The genes seem to have got started rather quickly:
The finding contradicts earlier research, which stated that almost all of human and fruit fly TFs bind the same motif sequences, and is a call for caution to scientists hoping to draw insights about human TFs by only studying their counterparts in simpler organisms.
“There is this idea that has persevered, which is that the TFs bind almost identical motifs between humans and fruit flies,” says Hughes, who is also a professor in U of T’s Department of Molecular Genetics and Fellow of the Canadian Institute for Advanced Research. “And while there are many examples where these proteins are functionally conserved, this is by no means to the extent that has been accepted.”
As for TFs that have unique human roles, these belong to the rapidly evolving class of so-called C2H2 zinc finger TFs, named for zinc ion-containing finger-like protrusions, with which they bind the DNA.
Their role remains an open question but it is known that organisms with more diverse TFs also have more cell types, which can come together in novel ways to build more complicated bodies.
Hughes is excited about a tantalizing possibility that some of these zinc finger TFs could be responsible for the unique features of human physiology and anatomy—our immune system and the brain, which are the most complex among animals. Another concerns sexual dimorphism: countless visible, and often less obvious, differences between sexes that guide mate selection—decisions that have an immediate impact on reproductive success, and can also have profound impact on physiology in the long term. The peacock’s tail or facial hair in men are classic examples of such features.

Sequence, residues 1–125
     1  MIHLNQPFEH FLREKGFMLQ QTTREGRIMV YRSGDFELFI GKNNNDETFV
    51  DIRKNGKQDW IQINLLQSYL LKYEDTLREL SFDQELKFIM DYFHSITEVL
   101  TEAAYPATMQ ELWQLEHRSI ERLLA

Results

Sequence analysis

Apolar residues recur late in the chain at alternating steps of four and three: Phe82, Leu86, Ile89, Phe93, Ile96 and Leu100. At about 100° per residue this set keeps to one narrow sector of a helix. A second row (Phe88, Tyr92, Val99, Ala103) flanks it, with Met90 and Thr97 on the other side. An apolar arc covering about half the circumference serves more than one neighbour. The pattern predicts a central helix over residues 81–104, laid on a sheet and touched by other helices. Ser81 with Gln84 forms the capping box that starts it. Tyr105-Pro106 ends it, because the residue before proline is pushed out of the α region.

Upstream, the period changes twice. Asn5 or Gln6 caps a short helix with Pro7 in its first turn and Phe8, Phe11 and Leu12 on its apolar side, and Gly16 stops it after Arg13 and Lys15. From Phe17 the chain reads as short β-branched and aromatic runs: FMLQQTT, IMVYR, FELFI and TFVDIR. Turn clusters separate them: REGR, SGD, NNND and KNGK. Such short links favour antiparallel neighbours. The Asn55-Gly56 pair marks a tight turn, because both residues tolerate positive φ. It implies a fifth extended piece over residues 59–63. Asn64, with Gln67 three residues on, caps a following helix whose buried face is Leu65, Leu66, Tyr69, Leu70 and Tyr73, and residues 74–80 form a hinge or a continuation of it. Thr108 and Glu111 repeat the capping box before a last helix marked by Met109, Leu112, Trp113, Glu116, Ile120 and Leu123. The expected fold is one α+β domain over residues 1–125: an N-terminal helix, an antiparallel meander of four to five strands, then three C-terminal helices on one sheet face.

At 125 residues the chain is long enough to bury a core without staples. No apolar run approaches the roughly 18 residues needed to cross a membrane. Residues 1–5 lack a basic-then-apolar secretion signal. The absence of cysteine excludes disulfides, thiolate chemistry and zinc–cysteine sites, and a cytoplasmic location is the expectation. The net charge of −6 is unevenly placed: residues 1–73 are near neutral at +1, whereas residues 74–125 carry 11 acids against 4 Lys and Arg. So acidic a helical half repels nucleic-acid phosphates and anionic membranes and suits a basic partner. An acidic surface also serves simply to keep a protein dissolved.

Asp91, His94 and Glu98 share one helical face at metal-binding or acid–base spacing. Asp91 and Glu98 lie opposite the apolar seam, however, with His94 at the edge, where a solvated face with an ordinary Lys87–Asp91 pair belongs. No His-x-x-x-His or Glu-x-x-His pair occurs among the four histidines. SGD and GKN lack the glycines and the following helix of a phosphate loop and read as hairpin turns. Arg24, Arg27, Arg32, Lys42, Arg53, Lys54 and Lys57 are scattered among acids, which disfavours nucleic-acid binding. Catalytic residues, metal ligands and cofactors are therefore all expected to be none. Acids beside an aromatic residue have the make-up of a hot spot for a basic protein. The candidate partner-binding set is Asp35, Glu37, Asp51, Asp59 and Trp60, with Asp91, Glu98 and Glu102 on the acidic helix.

“Almost nobody in human genetics studies the molecular basis of sexual dimorphism, yet these are features that all human beings see in each other and that we are all fascinated with,” says Hughes. “I’m tempted to spend the last half of my career working on this, if I can figure out how to do it!” University of Toronto, “Scientists uncover a trove of genes that could hold key to how humans evolved” at Phys.org
Note: Hughes could run into problems with Correct culture, where sexual dimorphism in nature may now be a problematic concept. Stay tuned.
See also: Dozens of genes once thought widespread are unique to humans Researchers: Even between chimps and humans, whose genomes are 99 per cent identical, there are dozens of TFs which recognize diverse motifs between the two species in a way that would affect expression of hundreds of different genes.
Follow UD News at Twitter!